The commercial landscape for genetic testing has come a long way from testing only for certain inherited genes directly linked to disease, such as BRCA genes whose mutations heighten risk for breast cancer. Myriad Genetics made its name with BRCA testing, but in 2017 the company also began marketing a different type of test, one that turns up multiple genetic variants found throughout a woman’s genome that together may point toward her risk of breast cancer. Earlier this year Ambry Genetics began marketing a similar test to estimate a man’s risk of prostate cancer.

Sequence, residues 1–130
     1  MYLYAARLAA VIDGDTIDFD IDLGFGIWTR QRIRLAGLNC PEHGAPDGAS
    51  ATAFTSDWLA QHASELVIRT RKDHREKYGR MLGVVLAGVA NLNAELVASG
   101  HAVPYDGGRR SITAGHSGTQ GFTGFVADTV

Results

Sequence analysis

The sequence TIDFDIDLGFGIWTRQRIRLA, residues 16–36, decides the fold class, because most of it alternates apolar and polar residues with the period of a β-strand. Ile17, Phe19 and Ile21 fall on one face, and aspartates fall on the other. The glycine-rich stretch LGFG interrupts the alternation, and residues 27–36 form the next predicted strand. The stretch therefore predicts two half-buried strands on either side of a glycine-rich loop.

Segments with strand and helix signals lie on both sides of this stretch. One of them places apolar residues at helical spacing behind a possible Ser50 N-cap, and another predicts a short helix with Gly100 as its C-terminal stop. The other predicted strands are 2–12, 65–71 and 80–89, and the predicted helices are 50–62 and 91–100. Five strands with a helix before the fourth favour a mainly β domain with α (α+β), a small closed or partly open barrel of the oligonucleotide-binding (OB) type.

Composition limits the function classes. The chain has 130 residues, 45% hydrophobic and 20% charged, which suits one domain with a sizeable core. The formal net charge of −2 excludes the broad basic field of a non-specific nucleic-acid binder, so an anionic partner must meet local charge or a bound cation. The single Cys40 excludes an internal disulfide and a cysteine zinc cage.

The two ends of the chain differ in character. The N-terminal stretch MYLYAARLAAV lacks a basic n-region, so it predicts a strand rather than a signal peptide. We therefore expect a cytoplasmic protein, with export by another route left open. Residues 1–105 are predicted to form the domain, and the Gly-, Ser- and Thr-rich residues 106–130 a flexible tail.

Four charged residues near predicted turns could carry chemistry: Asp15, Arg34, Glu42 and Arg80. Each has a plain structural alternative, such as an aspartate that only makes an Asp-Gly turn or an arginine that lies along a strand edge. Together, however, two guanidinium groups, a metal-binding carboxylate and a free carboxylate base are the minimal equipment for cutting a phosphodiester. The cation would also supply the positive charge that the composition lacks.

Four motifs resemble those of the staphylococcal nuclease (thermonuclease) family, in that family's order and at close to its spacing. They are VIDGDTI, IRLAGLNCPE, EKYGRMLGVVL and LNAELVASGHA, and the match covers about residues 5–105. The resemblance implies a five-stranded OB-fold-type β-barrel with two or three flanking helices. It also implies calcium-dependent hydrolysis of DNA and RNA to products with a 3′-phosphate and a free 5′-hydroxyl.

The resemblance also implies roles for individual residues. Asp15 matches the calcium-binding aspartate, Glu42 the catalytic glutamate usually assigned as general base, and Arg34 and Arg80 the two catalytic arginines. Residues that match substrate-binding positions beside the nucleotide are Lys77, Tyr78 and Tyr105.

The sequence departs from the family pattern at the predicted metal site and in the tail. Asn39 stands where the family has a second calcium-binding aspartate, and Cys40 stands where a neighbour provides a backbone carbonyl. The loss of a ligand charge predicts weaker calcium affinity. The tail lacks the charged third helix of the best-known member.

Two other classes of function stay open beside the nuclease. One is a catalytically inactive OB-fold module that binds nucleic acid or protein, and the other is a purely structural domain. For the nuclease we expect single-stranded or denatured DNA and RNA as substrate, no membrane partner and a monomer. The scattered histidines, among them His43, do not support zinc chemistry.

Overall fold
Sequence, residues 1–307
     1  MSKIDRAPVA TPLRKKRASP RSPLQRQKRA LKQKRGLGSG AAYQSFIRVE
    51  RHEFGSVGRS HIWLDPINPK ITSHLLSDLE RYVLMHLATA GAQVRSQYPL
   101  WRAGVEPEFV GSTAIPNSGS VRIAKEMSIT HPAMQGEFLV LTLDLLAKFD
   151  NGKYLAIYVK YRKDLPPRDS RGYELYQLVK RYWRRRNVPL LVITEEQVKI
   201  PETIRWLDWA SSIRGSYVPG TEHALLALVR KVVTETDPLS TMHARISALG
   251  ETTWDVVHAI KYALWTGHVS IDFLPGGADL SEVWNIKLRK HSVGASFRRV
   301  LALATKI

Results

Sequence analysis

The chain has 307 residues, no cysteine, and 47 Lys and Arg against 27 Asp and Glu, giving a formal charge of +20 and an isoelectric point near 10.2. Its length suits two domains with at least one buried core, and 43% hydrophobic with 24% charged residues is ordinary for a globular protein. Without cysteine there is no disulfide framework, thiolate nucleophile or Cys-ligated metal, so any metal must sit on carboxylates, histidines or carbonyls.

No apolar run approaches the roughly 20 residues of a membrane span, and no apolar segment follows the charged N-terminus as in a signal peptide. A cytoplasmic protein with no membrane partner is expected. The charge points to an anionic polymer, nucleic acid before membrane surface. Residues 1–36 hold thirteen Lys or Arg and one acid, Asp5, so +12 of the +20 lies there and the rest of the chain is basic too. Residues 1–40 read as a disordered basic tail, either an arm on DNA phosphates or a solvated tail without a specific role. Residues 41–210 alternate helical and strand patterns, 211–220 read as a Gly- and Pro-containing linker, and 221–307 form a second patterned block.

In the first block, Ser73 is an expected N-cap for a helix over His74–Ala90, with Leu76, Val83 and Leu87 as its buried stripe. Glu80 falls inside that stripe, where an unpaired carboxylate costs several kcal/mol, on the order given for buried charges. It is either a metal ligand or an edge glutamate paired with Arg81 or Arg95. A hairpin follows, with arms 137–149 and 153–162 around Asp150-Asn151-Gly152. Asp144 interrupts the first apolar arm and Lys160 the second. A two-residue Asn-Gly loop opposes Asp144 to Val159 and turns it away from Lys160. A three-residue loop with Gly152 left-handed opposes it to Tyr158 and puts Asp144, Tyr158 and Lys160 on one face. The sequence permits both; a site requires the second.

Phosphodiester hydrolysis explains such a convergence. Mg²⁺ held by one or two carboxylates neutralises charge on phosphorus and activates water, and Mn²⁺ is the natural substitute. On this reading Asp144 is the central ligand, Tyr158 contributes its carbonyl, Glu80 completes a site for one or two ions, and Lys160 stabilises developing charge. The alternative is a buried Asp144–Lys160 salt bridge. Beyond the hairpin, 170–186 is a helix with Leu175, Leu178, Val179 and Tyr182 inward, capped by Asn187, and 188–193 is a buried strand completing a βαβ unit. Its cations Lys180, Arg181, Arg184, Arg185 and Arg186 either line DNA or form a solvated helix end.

These tests generate polygenic risk scores, gathering multiple genetic variants that together are used to predict someone’s chance of developing a disease. But what are these scores, and how much faith should people put in them?

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